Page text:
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Chie Matsui
Labor 12 (detail)
1995















Bul Lee
Sorry for Suffering....
You Think I'm a Puppet
on a Picnic, 1990






new york reviews
by joan kee



Chie Matsui
and Bul Lee

at MoMA



Jan. 23-Mar. 25, 1997


In this exhibition, Japanese installation artist Chie Matsui's Labor 39 and Korean performance and installation artist Bul Lee's Majestic Splendor delineate the patriarchal oppression of women in their respective societies. While curator Barbara London deems installation a "liberating" medium for women artists such as Matsui and Lee, their works suggest otherwise by fixating upon the all-encompassing nature of male oppression using objects traditionally associated with married women.

In Labor 39, a table resembling part of a sanmenkyo, a vanity mirror used by older Japanese women, diffuses the light of a suspended lantern into shadows which imply the real discontent lurking within the lives of such women. A photograph of a woman's cavernous open mouth and the red plush curtains that surround the work both seem to swallow the viewer whole. An allusion to oral sex, the open mouth also denotes the woman's passive position in sexual relationships. Matsui thus implies that the traditional Japanese woman was engulfed by her dual roles as ornament and sexual object.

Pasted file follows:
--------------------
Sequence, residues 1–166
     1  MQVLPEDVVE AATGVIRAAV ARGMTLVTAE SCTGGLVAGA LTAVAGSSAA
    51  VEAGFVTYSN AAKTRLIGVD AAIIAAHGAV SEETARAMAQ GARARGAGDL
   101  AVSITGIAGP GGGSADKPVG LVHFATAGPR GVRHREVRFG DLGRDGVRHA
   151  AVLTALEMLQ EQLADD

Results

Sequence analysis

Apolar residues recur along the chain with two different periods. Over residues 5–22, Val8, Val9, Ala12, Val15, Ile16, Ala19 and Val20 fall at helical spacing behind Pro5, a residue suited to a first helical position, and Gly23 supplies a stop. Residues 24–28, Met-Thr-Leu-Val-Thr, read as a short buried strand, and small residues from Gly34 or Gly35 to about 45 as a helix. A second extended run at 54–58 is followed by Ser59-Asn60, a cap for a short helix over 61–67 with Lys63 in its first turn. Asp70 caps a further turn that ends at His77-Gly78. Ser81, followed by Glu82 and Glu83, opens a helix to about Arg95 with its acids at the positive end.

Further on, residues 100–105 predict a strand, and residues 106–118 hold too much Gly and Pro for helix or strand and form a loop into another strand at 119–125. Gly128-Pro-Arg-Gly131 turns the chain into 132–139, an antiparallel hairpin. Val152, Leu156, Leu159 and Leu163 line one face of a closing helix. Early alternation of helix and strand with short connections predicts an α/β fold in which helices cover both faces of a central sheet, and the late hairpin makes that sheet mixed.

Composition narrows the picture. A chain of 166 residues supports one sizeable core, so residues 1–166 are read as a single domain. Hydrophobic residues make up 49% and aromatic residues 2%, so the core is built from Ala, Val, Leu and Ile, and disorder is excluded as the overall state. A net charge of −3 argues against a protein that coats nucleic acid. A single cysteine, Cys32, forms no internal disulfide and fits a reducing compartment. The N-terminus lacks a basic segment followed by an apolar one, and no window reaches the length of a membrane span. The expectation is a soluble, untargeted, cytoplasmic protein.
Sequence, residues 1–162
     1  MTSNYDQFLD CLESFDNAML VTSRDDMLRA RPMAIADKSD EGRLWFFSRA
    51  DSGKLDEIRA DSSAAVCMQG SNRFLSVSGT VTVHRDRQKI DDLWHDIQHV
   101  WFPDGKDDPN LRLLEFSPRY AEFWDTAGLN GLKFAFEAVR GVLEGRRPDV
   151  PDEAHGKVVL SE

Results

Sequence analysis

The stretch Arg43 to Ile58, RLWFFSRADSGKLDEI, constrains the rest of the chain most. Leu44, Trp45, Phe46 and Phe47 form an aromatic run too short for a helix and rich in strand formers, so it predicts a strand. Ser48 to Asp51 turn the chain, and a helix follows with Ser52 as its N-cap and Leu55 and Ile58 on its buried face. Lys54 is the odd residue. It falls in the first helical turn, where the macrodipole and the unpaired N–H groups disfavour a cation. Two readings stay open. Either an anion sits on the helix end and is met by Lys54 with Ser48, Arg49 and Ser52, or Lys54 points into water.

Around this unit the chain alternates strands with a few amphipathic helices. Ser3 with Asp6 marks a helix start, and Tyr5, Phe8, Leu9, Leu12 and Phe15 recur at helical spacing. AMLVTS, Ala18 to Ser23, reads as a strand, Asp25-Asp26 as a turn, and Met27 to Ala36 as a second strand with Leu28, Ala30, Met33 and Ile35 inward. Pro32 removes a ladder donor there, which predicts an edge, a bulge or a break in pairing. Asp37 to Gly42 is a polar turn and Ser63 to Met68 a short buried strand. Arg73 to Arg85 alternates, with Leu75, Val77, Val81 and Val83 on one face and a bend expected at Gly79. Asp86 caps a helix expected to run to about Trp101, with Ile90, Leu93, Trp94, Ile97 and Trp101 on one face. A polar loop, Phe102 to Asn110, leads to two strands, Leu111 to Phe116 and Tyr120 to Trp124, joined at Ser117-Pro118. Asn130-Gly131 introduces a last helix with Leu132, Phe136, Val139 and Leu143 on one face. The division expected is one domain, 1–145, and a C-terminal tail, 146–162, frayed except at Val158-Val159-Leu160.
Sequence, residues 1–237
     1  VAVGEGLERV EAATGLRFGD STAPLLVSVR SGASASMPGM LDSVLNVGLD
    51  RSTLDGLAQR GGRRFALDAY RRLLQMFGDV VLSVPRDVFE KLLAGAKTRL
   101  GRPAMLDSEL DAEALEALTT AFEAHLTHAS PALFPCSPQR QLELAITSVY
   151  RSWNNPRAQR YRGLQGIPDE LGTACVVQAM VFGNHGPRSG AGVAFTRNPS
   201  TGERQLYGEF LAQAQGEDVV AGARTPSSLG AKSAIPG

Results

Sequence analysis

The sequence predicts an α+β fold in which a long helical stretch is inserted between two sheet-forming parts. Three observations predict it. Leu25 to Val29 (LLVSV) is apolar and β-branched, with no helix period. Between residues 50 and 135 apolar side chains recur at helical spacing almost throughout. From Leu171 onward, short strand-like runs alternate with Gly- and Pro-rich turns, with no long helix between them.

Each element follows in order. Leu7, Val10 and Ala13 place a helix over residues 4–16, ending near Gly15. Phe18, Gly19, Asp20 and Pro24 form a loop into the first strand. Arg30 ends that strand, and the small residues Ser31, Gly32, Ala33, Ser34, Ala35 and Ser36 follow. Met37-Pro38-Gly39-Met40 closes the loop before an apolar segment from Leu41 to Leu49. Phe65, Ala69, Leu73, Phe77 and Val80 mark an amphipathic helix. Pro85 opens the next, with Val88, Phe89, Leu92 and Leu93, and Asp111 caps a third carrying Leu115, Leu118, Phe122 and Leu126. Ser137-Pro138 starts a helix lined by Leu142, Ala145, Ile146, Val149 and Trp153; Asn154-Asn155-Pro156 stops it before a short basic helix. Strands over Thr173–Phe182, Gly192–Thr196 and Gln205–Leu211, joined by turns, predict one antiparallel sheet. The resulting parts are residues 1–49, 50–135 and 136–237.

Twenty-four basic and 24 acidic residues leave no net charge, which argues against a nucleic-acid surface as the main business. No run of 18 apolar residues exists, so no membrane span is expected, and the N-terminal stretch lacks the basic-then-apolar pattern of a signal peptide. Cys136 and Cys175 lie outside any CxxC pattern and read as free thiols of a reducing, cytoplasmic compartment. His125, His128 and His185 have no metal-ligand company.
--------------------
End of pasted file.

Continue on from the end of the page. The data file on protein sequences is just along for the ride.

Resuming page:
Bul Lee continues this exploration of prescribed women's roles in Majestic Splendor, which consists of 63 Ziploc bags, each filled with gravel, dead fish and beaded decorations used in traditional Korean bridal headpieces. The fish strongly resemble gulbi, a delicacy served to new mothers, which along with the beads and sequins, emphasize the Korean woman's role as wife. Lee also evokes death as the sealed bags are body bags in which the fish become minature embalmed corpses. This combination of death, marriage and the ceaseless repetition of the bags suggests the inexorable nature of male-dominated Korean society. Although both artists fail to propose an alternative to such oppression, they nevertheless succeed in asserting their viewpoints through biting commentary and vivid cultural metaphors. [The work was removed after the opening, over the protests of the artist, ostensibly because of the smell from the decaying fish. For a full report on the contretemps see ArtNet News, forthcoming.]

The Museum of Modern Art, 11 W. 53rd Street, New York, N.Y. 10019.

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